In this month’s Confession, we hear how achieved his dream of getting on the water but soon tunnels his way into trouble

I have always been fascinated by boats from an early age, and on holidays was often to be found perched precariously over the edge of harbour walls, watching anything that remotely resembled one.

However, I was faced with two major obstacles concerning my obsession. Firstly, living in Birmingham meant I was about as far away from the coast as you could get and, secondly, no-one in our entire family shared my interest in boats, let alone owned one.

As the years passed, growing family and work commitments meant I was never able to even consider the possibility of boating. Then, one day, I confessed to my wife this burning ambition.

After some negotiation, she agreed to the purchase of a small 16ft Seahog with a 40hp Evinrude outboard, which even had a small solar panel to keep the battery charged. Life was now complete.

Armed with a newly acquired Level 2 Powerboat certificate and radio licence, we hooked up my pride and joy and headed seawards.

While life was as good as it could get for me as we raced across Swansea Bay, my wife was getting more and more concerned that all she could see was horizon.

As a compromise we eventually agreed that our little boat should spend its time on the river, and
a mooring at Upton-upon-Severn Marina was arranged. This solved the problem as she could now see both riverbanks.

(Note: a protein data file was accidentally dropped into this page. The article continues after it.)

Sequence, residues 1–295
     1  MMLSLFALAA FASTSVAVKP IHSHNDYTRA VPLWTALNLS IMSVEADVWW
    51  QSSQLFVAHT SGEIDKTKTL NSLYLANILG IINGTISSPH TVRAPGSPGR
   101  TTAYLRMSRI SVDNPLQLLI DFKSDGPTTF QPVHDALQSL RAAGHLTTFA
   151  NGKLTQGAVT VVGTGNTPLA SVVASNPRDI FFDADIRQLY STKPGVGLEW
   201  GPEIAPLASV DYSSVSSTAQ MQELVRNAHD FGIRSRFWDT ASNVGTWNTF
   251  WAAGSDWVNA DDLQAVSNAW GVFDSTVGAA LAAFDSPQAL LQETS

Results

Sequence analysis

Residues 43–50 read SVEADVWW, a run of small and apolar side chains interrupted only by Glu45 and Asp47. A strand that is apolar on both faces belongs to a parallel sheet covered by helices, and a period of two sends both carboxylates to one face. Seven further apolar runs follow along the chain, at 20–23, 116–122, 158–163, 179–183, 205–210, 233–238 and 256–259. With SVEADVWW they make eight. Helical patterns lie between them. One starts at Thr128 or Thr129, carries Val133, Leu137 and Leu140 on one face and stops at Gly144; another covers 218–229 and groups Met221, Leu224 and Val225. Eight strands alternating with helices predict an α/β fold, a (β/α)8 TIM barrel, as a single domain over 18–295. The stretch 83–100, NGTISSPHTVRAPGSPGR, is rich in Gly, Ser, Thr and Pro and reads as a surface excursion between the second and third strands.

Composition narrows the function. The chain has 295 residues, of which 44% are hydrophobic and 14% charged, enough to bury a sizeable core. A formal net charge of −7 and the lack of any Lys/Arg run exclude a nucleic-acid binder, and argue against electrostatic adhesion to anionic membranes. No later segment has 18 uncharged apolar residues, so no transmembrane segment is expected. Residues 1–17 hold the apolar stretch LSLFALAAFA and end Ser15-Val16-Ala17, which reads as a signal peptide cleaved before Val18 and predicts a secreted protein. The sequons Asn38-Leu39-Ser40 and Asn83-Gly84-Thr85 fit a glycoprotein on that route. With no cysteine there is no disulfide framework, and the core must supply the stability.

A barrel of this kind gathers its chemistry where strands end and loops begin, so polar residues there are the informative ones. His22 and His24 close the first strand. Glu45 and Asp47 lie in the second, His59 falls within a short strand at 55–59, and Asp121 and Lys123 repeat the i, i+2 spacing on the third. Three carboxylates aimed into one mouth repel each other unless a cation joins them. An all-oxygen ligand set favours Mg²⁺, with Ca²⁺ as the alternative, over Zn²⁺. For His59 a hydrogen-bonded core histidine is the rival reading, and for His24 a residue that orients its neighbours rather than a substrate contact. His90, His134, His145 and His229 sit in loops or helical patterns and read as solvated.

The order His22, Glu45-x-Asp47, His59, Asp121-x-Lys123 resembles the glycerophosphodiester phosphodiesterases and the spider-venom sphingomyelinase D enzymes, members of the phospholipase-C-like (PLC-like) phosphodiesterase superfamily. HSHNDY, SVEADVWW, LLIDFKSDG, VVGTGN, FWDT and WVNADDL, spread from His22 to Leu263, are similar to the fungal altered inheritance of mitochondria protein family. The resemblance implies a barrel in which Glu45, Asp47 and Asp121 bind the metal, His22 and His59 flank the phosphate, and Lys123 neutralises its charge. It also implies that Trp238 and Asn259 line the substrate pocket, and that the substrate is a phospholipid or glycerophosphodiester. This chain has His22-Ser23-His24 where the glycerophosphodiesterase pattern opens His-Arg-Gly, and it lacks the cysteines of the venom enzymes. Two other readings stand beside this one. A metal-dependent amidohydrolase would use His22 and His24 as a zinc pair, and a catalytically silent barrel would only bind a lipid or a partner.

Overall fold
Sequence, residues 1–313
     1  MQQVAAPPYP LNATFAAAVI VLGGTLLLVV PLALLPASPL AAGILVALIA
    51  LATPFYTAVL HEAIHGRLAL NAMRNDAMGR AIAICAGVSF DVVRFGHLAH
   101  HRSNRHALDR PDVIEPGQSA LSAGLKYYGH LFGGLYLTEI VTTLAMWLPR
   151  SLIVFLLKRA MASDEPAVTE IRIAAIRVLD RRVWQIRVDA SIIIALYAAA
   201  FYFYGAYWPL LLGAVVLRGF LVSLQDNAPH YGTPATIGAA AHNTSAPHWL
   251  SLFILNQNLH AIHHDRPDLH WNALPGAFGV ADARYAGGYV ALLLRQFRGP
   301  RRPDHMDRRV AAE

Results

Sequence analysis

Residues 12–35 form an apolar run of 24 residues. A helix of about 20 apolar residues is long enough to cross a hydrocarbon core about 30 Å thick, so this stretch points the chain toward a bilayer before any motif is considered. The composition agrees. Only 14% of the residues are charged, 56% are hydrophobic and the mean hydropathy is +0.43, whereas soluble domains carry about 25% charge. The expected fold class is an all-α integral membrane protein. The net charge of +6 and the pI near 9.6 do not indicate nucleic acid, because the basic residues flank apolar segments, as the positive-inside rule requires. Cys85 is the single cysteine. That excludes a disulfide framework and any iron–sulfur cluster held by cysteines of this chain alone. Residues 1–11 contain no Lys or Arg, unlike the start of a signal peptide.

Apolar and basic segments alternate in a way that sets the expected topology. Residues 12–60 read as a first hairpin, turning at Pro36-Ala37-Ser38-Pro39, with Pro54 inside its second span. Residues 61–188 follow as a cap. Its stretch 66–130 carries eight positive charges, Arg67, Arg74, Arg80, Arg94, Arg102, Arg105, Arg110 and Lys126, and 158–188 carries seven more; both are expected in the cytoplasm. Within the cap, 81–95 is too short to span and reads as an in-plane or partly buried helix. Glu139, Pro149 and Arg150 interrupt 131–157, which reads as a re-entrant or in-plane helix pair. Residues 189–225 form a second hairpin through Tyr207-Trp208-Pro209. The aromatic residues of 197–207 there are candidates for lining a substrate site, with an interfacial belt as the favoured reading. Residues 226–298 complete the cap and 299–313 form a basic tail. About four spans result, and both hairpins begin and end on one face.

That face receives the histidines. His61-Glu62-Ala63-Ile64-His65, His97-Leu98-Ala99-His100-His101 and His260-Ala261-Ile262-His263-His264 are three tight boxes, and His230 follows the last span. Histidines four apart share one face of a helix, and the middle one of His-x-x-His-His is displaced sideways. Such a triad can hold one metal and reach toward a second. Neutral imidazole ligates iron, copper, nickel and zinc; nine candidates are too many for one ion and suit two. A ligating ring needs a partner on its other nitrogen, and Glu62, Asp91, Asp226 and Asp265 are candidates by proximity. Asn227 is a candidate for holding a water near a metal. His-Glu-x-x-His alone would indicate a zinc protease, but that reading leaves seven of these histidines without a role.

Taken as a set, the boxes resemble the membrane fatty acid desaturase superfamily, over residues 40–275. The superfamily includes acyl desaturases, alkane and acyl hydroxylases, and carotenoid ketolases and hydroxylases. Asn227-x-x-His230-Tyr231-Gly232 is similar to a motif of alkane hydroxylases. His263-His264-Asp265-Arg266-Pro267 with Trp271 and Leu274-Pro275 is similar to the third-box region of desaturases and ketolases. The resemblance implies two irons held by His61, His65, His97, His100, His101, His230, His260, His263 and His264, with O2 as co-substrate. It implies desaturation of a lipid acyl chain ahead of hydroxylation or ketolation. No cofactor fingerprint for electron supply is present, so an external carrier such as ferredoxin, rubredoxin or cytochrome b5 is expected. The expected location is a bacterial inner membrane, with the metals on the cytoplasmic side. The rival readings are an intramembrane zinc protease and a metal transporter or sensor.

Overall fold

A decision was soon made to get a bigger boat though, and a 24ft Fjord Attaché proved the answer and also the start of my problems.

This was much bigger than I had been used to and, with a big canopy that acted as a sail in the wind, my Level 2 Powerboat skills were sadly lacking when it came to close manoeuvring in the marina at Tewkesbury where we had a mooring.

With some trepidation, I took her out for our first proper trip. It was a beautiful day and the sun bathed the River Avon as I headed towards the King John’s Bridge, the lowest on the river and also set at an angle for good measure.

Just as I lined up with the middle arch I heard the horn of another boat, which I could not see, coming through.

Reversing back I held the boat, very professionally I thought, until the other craft had passed and then proceeded to negotiate this very low bridge. I now realise that I should have circled and re-established the right line, but it looked OK, so I carried on.

As we slowly entered the darkness, made worse by my decision to wear a pair of new nautical sunglasses, we heard a very, very loud grinding noise as the canopy made contact with the bridge.

A dilemma. Did I try and reverse out and start again? Or just put on the revs and hope no-one would notice?

I chose the latter, but did so unaware of the location on the other side of the bridge of a pub garden full of people, enjoying the good weather and trying to see who the idiot was coming through making all the noise.

I have since successfully navigated this obstacle many times, but I still have the invoice for the repairs as a reminder that lack of judgement can be expensive.

The author of every confession we print wins the original Stephen Shaw cartoon artwork (above) and an Icom IC-M23 Buoyant VHF Marine Transceiver handheld VHF radio worth £165.

For your chance to win, spill the beans on your funniest boating moments in 650 words. Email your story to:
philip_reynolds@ipcmedia.com